Sometimes, as company founders, it’s easy to fall into the trap of “if it ain’t completely broke, fix it later”, even when it’s something you know you should get round to. For us, one of those things was rewriting Storm & Shelter’s parental leave policy.

In the early days, when I first threw together our original maternity and paternity policies using some legal templates I found online, I didn’t give much thought to the practicalities because it just seemed so far away; something to deal with later. I had “more important” things to deal with, like whether we were going to allow pets in the office. I just accepted the default governmental allowance, and that was that.

Seeing as no one on the team was planning on having children (yet, as far as I knew), updating the family leave policies was sitting at the bottom of my to-do list and at the back of my mind. Then, one day, Eryn, our animator, marched into my office and said “I think we can do better with our family leave policies” and walked me through where we were falling short. I completely agreed and promised I’d get to work on educating myself and drafting a new policy. There’s a reason that “be more Eryn” is a bit of a mantra at S&S…

Looking back, I feel quite foolish to have blindly accepted what I now consider to be the total absurdity of only offering male parents two weeks off to look after their newborn child…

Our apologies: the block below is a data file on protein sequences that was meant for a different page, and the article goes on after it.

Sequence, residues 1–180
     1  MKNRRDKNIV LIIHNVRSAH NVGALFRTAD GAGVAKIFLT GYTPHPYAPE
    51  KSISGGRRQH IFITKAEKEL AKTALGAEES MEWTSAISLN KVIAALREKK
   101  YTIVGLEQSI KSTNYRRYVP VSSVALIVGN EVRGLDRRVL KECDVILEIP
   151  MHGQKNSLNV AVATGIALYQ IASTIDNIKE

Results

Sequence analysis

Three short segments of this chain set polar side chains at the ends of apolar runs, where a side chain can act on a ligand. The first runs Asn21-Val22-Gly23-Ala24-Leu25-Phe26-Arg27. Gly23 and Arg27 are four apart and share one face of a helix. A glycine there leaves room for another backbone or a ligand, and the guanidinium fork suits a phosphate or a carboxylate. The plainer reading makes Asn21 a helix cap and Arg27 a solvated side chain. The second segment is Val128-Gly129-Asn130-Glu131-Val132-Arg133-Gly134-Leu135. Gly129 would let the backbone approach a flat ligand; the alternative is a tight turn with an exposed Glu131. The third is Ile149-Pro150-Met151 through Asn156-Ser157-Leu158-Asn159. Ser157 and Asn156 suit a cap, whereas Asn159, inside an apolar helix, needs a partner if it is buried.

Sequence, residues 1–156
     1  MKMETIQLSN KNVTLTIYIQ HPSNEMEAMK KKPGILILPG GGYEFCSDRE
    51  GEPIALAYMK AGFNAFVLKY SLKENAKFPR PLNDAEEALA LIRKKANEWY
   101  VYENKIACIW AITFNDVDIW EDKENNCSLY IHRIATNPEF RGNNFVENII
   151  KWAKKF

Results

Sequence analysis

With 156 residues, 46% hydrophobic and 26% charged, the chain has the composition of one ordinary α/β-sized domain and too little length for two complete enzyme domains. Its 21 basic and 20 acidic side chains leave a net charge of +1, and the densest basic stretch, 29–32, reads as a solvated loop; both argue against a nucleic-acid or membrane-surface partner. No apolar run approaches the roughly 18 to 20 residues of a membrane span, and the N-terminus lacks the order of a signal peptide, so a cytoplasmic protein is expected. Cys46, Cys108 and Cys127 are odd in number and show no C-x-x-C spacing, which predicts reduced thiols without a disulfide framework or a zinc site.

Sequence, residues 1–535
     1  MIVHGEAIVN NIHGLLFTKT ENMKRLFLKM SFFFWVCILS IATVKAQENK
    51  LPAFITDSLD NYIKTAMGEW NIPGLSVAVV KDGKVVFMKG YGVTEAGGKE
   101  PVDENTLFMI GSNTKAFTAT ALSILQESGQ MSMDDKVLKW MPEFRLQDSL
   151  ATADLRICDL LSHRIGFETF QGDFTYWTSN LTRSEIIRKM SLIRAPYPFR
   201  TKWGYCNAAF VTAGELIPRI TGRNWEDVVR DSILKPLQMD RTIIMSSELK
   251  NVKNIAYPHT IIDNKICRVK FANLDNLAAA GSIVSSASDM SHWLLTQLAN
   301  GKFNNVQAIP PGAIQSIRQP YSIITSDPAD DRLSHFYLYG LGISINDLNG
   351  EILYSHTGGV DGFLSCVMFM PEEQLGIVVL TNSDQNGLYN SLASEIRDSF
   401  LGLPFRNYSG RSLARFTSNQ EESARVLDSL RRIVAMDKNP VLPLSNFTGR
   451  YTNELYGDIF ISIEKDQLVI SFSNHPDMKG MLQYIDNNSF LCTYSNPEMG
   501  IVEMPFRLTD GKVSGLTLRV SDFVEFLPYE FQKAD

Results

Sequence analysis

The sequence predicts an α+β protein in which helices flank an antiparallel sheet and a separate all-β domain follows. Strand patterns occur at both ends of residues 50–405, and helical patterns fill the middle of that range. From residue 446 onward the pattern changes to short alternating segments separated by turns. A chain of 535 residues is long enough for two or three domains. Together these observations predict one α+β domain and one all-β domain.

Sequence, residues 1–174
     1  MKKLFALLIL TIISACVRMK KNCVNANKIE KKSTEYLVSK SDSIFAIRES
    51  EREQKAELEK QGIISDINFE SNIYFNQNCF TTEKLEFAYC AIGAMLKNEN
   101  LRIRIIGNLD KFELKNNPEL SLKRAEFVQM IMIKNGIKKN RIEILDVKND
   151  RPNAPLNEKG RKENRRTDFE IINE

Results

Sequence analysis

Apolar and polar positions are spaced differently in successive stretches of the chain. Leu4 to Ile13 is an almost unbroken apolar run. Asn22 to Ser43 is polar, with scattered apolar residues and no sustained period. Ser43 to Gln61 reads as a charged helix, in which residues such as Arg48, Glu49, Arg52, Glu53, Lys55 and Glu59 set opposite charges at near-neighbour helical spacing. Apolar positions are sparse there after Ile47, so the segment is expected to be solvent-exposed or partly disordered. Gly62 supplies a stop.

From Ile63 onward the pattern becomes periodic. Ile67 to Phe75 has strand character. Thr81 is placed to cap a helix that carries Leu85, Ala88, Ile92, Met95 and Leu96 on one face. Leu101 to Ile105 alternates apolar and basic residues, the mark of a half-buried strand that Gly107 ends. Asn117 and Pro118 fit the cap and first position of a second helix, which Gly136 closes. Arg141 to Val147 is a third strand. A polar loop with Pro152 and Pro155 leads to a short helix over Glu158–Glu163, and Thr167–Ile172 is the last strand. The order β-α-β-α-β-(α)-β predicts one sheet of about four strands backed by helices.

Let’s face it. The current governmental allowance for parental leave simply isn’t fair. It treats all different types of parents differently, and (to save a full-on rant) it could do with an update. We think that parents of all genders should be encouraged to take equal responsibility for their child—and be fully supported by their employers to do so.

But just because it wasn’t mandated, it didn’t mean we couldn’t do better. 

So that’s what we did.

What have we changed?

In a nutshell, we took all our previous separate policies (maternity, paternity, shared parental and adoption) and merged them under one new genderless “parental policy”.

Why? Simple. Every parent is a parent, so they should be treated equally.

What does that actually look like?

1. Leave

All children should be entitled to spend an equal amount of time with their parent(s) or guardian(s), so our new Parental Leave policy grants all team members the same 52 weeks leave regardless of gender, relationship status or your particular journey into parenthood.

What that means is:

  • whether you’re a single or multi-parent household…
  • whether you’re he/she/they/xe…
  • whether you’re a new parent through birth/adoption…
  • whether you adopted a newborn/child/teen…

…you get the same allowance.

2. Pay

Government-mandated pay during maternity leave allows for:

  • 6 weeks of 90% of your usual pay; then
  • dropping to “statutory pay” (the lower of £151.97 per week or 90% of your usual pay) for the next 33 weeks; then
  • 13 weeks unpaid.

As a small business, it’s genuinely difficult for us to offer generous parental pay above and beyond the statutory minimum (especially after extending the policy to apply to all parents), but we knew we needed to start somewhere. Whilst we can’t yet afford amazing benefits (like Aviva, who offer 6 months of full pay 😍), it’s what we aspire to as soon as it’s feasible.